A root canal is usually performed when the tooth cannot be filled or restored any other way because the decay has reached the nerve of the tooth or the tooth has become infected. Today, with modern technology and better anaesthetics, root canal treatments are no more painful than having a filling.

Most root canals can be performed in two to three visits. It is important to remember that after a root canal treatment you will need to make a follow up appointment with your dentist to have the tooth permanently restored. After the pulp of the tooth has been removed, the tooth can become very dry and brittle. Having a permanent restoration placed will help protect your tooth from fracturing.

Are there ways of restoring gaps?
If you have a gap or multiple gaps, your dentist will discuss with you your options on restoring these gaps. Your options may include dentures, bridges, implants. Benefits of each options according to your individual needs will be discussed with you at your appointment.
Gums and Oral Hygiene

What is gum disease?
Periodontal disease (gum disease) is inflammation of the tissues, which support the teeth and attach them to the jaw. If inflammation only involves the soft gum tissues it is called gingivitis. If however it starts to involve the bone of the jaw it is called periodontitis.

What casues bad breath?
Persistent bad breath also known as halitosis is a common problem, and the following dental issues could be contributing to it. These conditions could be one or more of the following:
  • Poor oral hygiene
  • Gum disease
  • Cavities
  • Oral cancer
  • Dry Mouth (xerostomia)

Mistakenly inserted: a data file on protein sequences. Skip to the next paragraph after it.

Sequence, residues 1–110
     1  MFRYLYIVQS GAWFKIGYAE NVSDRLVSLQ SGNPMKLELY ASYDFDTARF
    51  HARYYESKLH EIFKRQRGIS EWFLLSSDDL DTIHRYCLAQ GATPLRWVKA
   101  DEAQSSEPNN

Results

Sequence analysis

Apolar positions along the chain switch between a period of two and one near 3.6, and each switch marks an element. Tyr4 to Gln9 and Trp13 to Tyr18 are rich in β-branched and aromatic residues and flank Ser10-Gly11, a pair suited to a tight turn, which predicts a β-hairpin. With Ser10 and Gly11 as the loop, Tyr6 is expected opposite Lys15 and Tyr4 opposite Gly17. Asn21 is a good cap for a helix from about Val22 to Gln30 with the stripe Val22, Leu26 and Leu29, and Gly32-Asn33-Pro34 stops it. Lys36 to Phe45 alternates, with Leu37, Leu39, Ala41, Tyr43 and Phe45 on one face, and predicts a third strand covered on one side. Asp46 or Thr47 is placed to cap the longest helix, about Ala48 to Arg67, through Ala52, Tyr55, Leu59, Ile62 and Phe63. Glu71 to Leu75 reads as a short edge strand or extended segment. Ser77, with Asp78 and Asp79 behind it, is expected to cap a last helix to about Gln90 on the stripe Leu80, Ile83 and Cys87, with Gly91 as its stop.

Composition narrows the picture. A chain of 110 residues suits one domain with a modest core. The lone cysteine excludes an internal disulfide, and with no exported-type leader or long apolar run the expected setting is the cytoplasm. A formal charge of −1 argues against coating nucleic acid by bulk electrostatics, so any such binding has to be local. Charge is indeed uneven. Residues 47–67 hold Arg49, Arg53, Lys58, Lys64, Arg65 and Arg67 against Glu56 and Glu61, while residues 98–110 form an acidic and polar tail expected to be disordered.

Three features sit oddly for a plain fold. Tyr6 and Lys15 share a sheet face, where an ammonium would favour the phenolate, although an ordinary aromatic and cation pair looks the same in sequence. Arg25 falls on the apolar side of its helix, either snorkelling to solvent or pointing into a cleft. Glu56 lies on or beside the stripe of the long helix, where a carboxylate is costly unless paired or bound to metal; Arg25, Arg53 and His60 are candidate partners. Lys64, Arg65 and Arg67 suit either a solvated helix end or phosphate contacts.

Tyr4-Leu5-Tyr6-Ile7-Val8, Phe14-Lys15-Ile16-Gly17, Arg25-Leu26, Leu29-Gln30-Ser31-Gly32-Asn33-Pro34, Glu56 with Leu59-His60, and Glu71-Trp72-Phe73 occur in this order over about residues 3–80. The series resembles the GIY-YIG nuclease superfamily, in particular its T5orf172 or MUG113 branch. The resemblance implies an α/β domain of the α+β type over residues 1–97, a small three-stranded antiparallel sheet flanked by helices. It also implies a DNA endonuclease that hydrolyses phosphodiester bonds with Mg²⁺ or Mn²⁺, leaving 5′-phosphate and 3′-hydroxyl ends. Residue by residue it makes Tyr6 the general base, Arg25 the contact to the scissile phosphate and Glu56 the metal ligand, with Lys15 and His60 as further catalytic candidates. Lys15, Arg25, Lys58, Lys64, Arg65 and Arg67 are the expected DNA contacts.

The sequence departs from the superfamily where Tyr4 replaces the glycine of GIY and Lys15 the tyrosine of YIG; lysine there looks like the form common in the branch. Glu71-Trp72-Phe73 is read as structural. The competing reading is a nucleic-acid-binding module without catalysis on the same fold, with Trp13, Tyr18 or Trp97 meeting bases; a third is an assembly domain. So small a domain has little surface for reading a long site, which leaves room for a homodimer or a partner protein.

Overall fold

If bad breath is the cause of a dental issue, mouthwash can be used but will only mask the odour and not cure it. If you suffer from chronic bad breath, you should visit your dentist first, to rule out any dental problems. Some ways to prevent bad breath are, brushing twice a day, flossing daily, regular dental check ups, using a mouth rinse, brushing your tongue, avoiding tobacco and drinking water.

Shoud I use a manual or electric toothbrush?
Both forms of tooth brushes are effective if used correctly. Below are some advantages and disadvantages of both to help you decide which works better for you.

Manual Toothbrush:
  • Inexpensive
  • Most have an easy grip handle
  • Some come with a tongue scraper
  • Easy to travel with
  • No built in timer to tell you when two minutes are up
  • Can be difficult for some people to hold onto firmly
Electric Toothbrushes:
  • The larger ergonomic handles can be beneficial for arthritis patients or the elderly
  • Some have built in timers that let you know when you have brushed for a full two minutes
  • Electric toothbrushes provide a far more thorough cleaning
  • Some electric toothbrushes dispense toothpaste
  • Some electric toothbrushes can be quite expensive
  • Most electric toothbrushes require charging or battery replacement
  • The replacement heads can be quite expensive
How often should I change my toothbrush?
Adults and children should change their toothbrush every 3 months because they become worn out and are not as effective as they once were. Exceptions to this would be if you were using an electric toothbrush, and the manufacturer states otherwise. Some electric rechargeable toothbrushes have very good brush heads that only need to be changed every 6 months. If you have gum disease, you should change your toothbrush every 4 – 6 weeks because bacteria can harbour in the bristles.

Does whitening toothpaste really work?
Whitening toothpastes, like all other toothpastes, contain carbamide peroxide to remove surface stains. Whitening toothpastes may have additional polishing agents and special chemicals that are more effective against stains than regular toothpastes. While whitening toothpastes can make your teeth appear a little lighter, by getting rid of superficial stains, but they do not actually bleach your teeth. Whitening toothpastes are ideal for people who smoke, drink coffee and tea and eat certain foods that can stain your teeth.

Whitening toothpastes are also good to use after you have undergone a teeth whitening procedure to keep surface stains from building up on your teeth. If you decide to use a whitening toothpaste, be sure that it contains fluoride for extra protection against tooth decay.